clear that such answer begs new questions. Where do talented leaders committed to
democratic government and economic development come from? As indicated by Carroll
and Carroll, it is reasonable to assume that success cultivates success: once a competent
leadership has been established and has demonstrated a decent track record chances are
good that capable leadership will continue. But what about that crucial turn-around phase,
where success is by no means secure and leadership might as well turn out to be
narrow-minded, egoistic, and self-serving? What is it that brings forward the Mandelas and
the Musevenis instead of the Mobutus and the Mois? If it is not pure coincidence then the
question merits further research. The hopeful answer that such leadership is more or less
automatically created by holding elections has not been confirmed by events. It should also
be emphasized that good and honest leaders are not enough, especially if they are
committed to bad policies. Julius Nyerere of Tanzania is an honest man who has done much
good for the country, but his policies of a state-led economy and a basically
non-democratic polity also led to disastrous results.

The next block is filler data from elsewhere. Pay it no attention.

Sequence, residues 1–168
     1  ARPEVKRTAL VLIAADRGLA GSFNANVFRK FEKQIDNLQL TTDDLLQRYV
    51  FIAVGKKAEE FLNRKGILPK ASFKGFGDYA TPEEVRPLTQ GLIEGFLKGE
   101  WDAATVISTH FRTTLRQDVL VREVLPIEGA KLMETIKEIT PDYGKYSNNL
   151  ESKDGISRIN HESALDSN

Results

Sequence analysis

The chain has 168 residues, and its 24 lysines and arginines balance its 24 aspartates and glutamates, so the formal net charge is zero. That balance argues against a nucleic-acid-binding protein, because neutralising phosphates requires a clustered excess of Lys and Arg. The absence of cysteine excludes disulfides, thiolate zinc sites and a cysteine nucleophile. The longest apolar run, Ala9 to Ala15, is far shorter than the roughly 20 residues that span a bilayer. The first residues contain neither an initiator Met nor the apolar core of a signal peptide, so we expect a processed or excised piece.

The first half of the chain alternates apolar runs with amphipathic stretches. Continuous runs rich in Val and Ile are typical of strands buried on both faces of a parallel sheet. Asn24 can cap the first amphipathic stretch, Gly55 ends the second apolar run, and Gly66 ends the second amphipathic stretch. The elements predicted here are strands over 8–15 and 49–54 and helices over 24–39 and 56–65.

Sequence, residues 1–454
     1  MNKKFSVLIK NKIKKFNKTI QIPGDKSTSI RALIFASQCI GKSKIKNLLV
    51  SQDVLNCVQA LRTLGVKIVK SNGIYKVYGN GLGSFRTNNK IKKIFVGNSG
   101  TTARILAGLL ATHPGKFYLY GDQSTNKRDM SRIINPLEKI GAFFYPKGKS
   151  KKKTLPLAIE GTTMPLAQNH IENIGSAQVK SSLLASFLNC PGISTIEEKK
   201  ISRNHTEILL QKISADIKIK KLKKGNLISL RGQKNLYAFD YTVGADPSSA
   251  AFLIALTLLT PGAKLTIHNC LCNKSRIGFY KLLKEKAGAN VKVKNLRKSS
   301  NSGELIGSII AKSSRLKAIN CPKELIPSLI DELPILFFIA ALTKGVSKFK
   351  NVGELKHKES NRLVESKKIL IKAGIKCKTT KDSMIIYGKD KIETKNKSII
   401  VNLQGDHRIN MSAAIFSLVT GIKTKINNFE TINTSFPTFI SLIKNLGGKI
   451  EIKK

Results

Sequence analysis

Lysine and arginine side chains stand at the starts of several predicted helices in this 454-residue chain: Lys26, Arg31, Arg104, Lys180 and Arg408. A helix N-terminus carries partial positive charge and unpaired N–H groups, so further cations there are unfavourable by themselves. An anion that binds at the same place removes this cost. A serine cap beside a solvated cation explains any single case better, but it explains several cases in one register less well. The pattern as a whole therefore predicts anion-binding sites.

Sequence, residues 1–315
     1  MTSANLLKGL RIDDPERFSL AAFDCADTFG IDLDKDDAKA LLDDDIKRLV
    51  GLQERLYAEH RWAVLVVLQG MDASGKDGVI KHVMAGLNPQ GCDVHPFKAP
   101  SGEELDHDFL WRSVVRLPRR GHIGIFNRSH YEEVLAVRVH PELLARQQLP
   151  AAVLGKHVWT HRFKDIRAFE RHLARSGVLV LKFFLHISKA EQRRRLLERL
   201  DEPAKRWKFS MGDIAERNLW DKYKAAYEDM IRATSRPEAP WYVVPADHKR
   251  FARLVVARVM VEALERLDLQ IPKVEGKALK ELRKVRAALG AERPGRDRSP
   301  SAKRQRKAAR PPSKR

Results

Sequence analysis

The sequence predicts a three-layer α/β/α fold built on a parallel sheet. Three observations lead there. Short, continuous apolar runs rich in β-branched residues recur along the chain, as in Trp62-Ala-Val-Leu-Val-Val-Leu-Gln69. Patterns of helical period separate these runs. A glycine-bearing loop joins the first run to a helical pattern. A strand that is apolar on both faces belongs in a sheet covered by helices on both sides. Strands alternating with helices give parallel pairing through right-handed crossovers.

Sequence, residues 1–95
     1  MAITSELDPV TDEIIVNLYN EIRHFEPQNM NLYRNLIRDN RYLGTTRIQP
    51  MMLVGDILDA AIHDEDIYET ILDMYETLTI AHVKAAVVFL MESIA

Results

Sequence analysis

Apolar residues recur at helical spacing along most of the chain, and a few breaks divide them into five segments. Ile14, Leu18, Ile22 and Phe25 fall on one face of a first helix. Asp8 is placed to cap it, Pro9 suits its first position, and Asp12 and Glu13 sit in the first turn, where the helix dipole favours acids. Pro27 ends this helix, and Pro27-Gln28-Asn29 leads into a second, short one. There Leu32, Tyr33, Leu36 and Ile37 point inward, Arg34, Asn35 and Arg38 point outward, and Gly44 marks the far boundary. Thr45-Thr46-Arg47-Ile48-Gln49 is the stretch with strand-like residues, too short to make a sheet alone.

As for the second item, a good bureaucracy, it is clear that early decisions were made in
both Botswana and Mauritius, not to sacrifice competence for `nativization' of the public
service and to base recruitment on merit. At the same time, however, Carroll and Carroll
stress that the Weberian ideal of an impartial public service probably should be abandoned
when it comes to developing countries with many different ethnic groups in the population.
In the two countries examined, care has been taken to make the bureaucracy representative
of subgroups in society without sacrificing merit. Such a representative bureaucracy is
more likely to consider a wide range of views and interests in making decisions. Indeed, the
simple existence of a representative bureaucracy if often taken by the public as evidence
that the state is responsive and legitimate (Carroll and Carroll 1997:473).
The third item above concerns the need for a civil society to constrain the state. In many
poor Third World countries there is no civil society in the traditional Western sense of the
word. At very low levels of development, there is no business class, no middle class, not
even a well defined class of peasants. Partly as a consequence of this, there are few
autonomous, strong secondary organizations based on universal membership criteria.
According to a recent analysis by Goran Hyden, the prime contemporary challenge is how
to restore a civic public realm. The trend of postindependence politics in most African
countries has been to disintegrate the civic public realm inherited from the colonial powers
and replace it with rivaling communal or primordial realms, all following their own informal
rules" (Hyden 1992:23). Yet the good news from Botswana and Mauritius is that these
communal and primordial realms can act as at least "a modest check on the power of the